On election night, I wasn’t the only one in my household watching the results with dismay. My eleven-year-old son kept coming into the room, sitting with me, looking for reassurance. “It’s going to get better, Mom, isn’t it?” he kept asking.
Early on, I assured him it would, but, as it became apparent that the nightmare I’d dreaded for months was coming true, I had to be honest with him. “No, hon,” I told him finally as he lay in bed, the covers pulled up to his chin. “It’s not.”
“But how can he win?” he asked as he cried. “He’s a bad man. He hates everyone we love.”
I had the same questions. I shared my son’s despair. I continue to despair.
In the past few days, I’ve soothed him as best I can, with reassurances that our government contains checks and balances to keep our democracy safe from the whims of a single person. That country is at its heart one that cares for its citizens and was built on the bedrock of inclusiveness.
Unfortunately, I don’t believe my own reassurances. Not with Trump in power. Not with the cabinet members he’s surrounding himself with. Not with a Congress controlled by Republicans who are willing to distance Trump when he’s down but embrace him now that he’s won.
So I soothe myself the only way I know how: I write. I wrote a blog post about my experience this past election night, and I contributed to the article “12 Women on the Heartbreak of Watching Trump Win,” published by New York Magazine’s The Cut.
I will keep writing. It’s the way I process disappointment and fear and anger; it’s the way I make sense of the world. I’m also reading anything that gives me hope, like a letter Aaron Sorkin wrote to his daughters right after the election. In it, he recognized the gravity of Trump’s election. “I won’t sugarcoat it—this is truly horrible…Hate was given hope.” But he looked past his anger to the future. We will fight, he told his daughters. We will get involved. We will stand up. Because, as he said:
America didn’t stop being America last night and we didn’t stop being Americans and here’s the thing about Americans: Our darkest days have always—always—been followed by our finest hours.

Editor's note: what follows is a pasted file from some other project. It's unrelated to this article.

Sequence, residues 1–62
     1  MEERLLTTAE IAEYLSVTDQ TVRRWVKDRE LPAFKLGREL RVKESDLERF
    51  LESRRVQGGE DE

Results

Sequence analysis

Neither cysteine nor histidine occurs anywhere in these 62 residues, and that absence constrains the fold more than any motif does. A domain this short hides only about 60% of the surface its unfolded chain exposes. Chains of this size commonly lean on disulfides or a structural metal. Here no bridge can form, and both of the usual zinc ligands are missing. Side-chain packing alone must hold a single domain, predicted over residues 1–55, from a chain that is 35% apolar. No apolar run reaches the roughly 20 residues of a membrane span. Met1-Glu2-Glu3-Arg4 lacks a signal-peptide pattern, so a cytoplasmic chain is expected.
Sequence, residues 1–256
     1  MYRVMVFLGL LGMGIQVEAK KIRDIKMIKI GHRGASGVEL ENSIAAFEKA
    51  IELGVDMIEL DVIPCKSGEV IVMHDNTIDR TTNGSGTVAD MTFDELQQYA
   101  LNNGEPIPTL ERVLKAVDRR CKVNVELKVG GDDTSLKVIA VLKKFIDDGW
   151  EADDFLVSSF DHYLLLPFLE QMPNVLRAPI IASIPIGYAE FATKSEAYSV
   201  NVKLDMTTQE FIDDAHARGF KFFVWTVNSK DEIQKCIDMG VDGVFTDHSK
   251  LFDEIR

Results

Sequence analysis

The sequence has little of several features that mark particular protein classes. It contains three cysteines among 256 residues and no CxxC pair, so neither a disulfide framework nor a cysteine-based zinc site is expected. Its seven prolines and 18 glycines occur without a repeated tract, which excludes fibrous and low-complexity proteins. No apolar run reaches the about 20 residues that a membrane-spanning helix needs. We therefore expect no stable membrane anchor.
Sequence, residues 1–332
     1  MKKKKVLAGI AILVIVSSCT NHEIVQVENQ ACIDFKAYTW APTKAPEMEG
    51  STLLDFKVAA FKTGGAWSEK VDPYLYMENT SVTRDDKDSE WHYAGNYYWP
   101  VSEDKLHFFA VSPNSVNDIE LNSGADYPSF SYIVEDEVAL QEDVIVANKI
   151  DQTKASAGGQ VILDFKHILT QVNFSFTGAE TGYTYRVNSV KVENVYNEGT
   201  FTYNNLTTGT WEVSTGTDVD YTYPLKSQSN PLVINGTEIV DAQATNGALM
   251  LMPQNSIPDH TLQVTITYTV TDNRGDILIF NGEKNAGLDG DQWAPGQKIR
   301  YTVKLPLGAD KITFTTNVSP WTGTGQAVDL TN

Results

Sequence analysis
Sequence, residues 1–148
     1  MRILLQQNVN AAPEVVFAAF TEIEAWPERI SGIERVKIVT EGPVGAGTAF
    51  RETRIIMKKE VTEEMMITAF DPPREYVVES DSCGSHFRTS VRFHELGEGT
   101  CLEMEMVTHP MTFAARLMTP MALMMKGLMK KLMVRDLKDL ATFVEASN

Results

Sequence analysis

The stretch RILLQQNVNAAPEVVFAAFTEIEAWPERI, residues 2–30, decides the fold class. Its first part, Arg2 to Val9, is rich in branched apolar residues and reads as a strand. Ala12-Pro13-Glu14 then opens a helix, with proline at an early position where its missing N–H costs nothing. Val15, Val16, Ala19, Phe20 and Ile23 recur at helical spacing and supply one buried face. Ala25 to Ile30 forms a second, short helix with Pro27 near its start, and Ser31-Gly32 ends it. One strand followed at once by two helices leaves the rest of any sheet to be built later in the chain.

I also want to fight and help initiate positive change to drag our country out of the mires of bigotry and hatred where its leadership now resides. But first I need to find a way to let the anger seep out of my heart, to make room for action, and hope. Hope that our country is better than this. Hope that we can get wrest our government out of the hands of those who seek to suppress anything other than like-minded views.
Hate isn’t the answer. Hope is. And action. Always action. Hate isn't the answer. Hope is. And action. Always action. Click To Tweet
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Q. “What are you planning to do to fight? To get involved? To stand up? Because I need guidance about specific goals to set, activities to pursue.”
Thank you for this post, Colette. Step one for me is to educate myself. I’m reading all that I can so that soon I can act with focus.
This is an unbelievably hard time for all of us. I especially feel for you parents. Stresses and fears are colliding. Within 40 hours of casting my vote and hearing the subsequent bad news, I had upset two people–both of whom I largely agree with–all because of my impassioned words weren’t fully thought out. According to many of the activists I follow on Twitter, I (a white woman) am the cause of DT’s victory. I read essays and tweets from people of color without commenting (of course, it’s time to listen), only to go on to mistakenly lash out at allies.
This morning I saw that Rob Spillman stated he’d register as a Muslim in solidarity when/if DT goes that far. I imagined doing that and added it to my list of research topics. I considered wearing a safety pin. Then I returned to Twitter I saw that a writer whom I greatly admire was shredding the safety pin trend. She tweeted, “You are not a ‘safe’ person just because you wear a #safetypin. This is nothing but a project to alleviate white guilt. Get up and do work.” So I scratched that idea.
I never anticipated that a T-presidency would mean we would be the ones building the walls between each other.